We wrote earlier about the launch of icons by Font Awesome. There is also a WordPress plugin called Corona Virus Data from the Chinese architect Duke Yin that shows where the virus is spreading. Data from infections, deaths and recoveries from COVID-19 are visualized on the world map, in a graph or table. It is also possible to display one continent in a WordPress message by using shortcodes. For those who do not want to reveal anything about themselves at any cost, the plugin is less suitable: the user’s IP address is stored.

Screenshot Corona plugin for WordPress

Screenshot corona plugin

 

 

Unfortunately, the application is not usable for those interested in corona data from Russia, because the API is blocked by the Russian government. Fortunately, such obstacles are not the case in the Netherlands and at Sowmedia we remain fully operational, corona or not.

Do you have any tips to deal with this situation? Leave it in the comments!

Font Awesome launches font for “corona awareness”

Font Awesome launches font for corona awareness


A few weeks ago, Font Awesome launched a series of icons to increase “corona awareness”. The “solid” or filled symbols are free to download. The regular, non-colored or two-tone colored icons must be paid for.

The aim of the series is to provide websites and apps with a means to raise awareness about the global pandemic. In the last updated version, 47 new symbols have been added that depict hygienic activities such as hand washing. Other icons indicate viruses and social distance storage. There are even a few pictures of toilet paper (because these are apparently necessary in this world where panic buying is a new concept).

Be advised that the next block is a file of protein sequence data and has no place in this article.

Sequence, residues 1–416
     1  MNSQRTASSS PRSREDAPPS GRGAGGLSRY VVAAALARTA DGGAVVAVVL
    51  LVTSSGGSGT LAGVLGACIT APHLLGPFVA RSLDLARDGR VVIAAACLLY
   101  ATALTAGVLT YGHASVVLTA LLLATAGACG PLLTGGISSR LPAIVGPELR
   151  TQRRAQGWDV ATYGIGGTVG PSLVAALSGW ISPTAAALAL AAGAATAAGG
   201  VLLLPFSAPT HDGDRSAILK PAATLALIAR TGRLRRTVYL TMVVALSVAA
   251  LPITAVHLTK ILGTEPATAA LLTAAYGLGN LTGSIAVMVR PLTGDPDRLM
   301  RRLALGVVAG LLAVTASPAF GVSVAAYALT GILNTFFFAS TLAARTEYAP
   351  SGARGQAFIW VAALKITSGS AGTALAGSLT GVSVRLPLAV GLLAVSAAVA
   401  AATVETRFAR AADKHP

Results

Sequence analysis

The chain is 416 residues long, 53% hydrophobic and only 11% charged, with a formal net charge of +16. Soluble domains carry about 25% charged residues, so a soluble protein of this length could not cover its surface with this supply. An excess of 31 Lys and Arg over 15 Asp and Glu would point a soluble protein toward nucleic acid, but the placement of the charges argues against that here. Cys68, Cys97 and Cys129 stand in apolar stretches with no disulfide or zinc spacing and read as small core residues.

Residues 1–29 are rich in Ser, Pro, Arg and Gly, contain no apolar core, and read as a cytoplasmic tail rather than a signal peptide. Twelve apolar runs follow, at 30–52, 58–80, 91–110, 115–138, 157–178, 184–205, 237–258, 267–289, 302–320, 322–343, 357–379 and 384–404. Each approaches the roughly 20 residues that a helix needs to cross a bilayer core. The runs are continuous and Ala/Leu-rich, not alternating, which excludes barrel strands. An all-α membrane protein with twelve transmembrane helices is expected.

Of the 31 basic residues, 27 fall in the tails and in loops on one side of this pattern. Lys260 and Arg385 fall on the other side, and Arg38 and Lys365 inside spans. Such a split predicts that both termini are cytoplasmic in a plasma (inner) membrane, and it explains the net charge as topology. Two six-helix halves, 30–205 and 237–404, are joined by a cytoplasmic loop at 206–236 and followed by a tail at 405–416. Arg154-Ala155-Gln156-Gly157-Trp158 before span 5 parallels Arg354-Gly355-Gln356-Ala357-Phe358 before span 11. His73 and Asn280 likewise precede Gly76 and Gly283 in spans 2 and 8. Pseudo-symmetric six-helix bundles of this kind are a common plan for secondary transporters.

“Based on recommendations from the World Health Organization, you will find symbols that communicate good hygiene and social distance keeping,” wrote Jory Raphael, head of icon design at Font Awesome. “We can’t be on the front lines and act like the brave medical professionals around the world do, so we hope these icons help communicate some of the most important things people can do to protect themselves and their communities.”

Corona icoon

The symbols were originally requested a few weeks ago at Font Awesome’s Github repository. The design team acted diligently to make them available. There are additional requests for liquid and solid soap.

Like all Font Awesome symbols, the series is available as part of a package or individually downloadable in SVG format. Below you can see the current available icons:

covid icons